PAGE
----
1. Travel light, but smart. I’m a big fan of making kids carry their own water because they have easy access to it, they feel independent, and of course because I’m not schlepping it for them. Camelbaks or similar water packs come in all different sizes, and your kids can also use them during bike rides, sports practices or field trips.   
  1. Make a game of treasure hunting. Find the perfect hiking stick or a small rock or leaf to bring home. Our family is always on the lookout for heart-shaped rocks, but we typically bring home only photos of them.

3

  1. Look for local birds, animal tracks or even better…scat. Show me a kid who doesn’t like to talk about poop! And really, if you’re out in the nature it seems more than appropriate.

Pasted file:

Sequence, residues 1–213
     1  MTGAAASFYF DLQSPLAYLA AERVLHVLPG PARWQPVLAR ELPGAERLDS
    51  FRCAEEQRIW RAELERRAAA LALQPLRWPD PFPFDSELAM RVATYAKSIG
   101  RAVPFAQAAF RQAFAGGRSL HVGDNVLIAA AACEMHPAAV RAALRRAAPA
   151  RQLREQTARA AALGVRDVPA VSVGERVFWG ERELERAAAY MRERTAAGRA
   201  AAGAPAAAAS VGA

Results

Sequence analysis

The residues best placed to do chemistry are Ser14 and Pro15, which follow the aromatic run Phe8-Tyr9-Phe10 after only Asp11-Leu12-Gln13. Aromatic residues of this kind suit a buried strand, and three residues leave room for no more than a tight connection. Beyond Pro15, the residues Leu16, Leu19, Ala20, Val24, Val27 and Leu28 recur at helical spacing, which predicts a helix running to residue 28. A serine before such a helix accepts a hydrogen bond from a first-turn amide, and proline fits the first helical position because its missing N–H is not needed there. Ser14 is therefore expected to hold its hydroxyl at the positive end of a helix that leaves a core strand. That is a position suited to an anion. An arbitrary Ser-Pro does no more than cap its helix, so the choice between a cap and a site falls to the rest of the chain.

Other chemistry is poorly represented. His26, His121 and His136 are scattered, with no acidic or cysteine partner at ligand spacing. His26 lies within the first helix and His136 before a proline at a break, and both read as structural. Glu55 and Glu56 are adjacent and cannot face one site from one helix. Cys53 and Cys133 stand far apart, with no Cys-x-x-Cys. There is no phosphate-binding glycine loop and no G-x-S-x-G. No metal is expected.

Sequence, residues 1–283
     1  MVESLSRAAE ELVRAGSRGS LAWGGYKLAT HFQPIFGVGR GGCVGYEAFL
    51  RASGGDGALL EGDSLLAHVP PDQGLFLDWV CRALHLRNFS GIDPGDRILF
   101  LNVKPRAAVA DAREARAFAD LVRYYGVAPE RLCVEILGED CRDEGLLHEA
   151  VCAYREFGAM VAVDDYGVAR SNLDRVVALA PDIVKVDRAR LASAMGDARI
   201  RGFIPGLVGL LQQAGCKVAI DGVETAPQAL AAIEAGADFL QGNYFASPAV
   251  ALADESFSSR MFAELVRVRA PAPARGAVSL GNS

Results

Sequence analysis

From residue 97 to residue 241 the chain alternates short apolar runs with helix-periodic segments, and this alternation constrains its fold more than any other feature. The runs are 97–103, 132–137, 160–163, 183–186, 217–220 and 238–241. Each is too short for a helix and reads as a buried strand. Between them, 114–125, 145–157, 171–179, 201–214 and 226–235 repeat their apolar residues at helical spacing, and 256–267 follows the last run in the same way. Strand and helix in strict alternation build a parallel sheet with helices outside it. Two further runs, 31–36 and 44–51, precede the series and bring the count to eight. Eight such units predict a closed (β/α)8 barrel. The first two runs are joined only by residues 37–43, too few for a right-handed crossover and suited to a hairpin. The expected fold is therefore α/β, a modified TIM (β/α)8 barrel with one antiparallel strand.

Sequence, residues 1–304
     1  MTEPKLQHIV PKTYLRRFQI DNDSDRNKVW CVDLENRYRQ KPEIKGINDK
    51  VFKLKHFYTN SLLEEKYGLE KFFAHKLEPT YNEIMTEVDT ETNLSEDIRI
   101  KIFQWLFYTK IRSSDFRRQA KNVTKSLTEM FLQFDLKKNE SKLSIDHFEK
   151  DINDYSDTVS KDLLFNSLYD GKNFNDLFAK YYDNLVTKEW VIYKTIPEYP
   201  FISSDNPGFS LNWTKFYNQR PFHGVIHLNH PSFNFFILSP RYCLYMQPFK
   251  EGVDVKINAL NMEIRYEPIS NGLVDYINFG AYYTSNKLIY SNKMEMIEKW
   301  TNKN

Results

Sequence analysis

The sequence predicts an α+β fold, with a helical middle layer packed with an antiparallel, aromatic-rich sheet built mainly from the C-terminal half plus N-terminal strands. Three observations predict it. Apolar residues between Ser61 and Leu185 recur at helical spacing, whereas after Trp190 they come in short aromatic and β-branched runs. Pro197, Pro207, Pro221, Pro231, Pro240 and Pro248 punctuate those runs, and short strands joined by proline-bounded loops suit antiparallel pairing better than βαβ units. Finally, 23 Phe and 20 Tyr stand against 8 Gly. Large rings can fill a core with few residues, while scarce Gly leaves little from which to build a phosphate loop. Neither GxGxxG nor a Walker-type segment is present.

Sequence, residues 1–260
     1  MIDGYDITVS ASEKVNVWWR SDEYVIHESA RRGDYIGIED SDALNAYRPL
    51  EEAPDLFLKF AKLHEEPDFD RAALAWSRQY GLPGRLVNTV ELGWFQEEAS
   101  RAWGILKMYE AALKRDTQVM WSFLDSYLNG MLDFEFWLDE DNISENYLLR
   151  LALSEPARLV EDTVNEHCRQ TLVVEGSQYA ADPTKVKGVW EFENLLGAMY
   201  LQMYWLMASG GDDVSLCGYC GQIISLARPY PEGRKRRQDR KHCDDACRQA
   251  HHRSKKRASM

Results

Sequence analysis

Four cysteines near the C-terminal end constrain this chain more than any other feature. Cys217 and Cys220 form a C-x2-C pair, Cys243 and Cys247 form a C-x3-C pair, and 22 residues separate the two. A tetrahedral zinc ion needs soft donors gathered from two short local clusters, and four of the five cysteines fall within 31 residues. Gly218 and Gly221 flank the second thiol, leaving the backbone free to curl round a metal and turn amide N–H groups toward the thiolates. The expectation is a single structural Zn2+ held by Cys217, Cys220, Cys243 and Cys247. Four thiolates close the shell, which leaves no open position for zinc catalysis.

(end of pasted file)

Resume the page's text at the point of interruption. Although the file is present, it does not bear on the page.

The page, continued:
1. Entertain each other on the trail. Sometimes we make up stupid songs or wild stories. More often we play Categories (where you take turns naming fruits or Harry Potter characters from A to Z.) When questions come up like, “What kind of tree is that and why does its bark look that way?” we try to answer without our friend Google…which usually means, “I have no idea. Let’s brainstorm the reasons.” Remember the fun of not knowing the answer to something? Old school!
  1. Talk to each other, or not. With older kids, hiking is a great time to simply be in the same place with them, even if you aren’t talking. On the trail, I never have to push the conversation with my tween or teen–it usually happens at their own speed and on their own terms. They love this.

5

  1. Stop periodically. Climb a tree, build a fort from branches, skip some rocks, or take a dip in a creek.
  1. Quit while you’re ahead. When in doubt, finish early so you end on a high note. Next time you can push it further. For now, go get those tacos and plan your next adventure.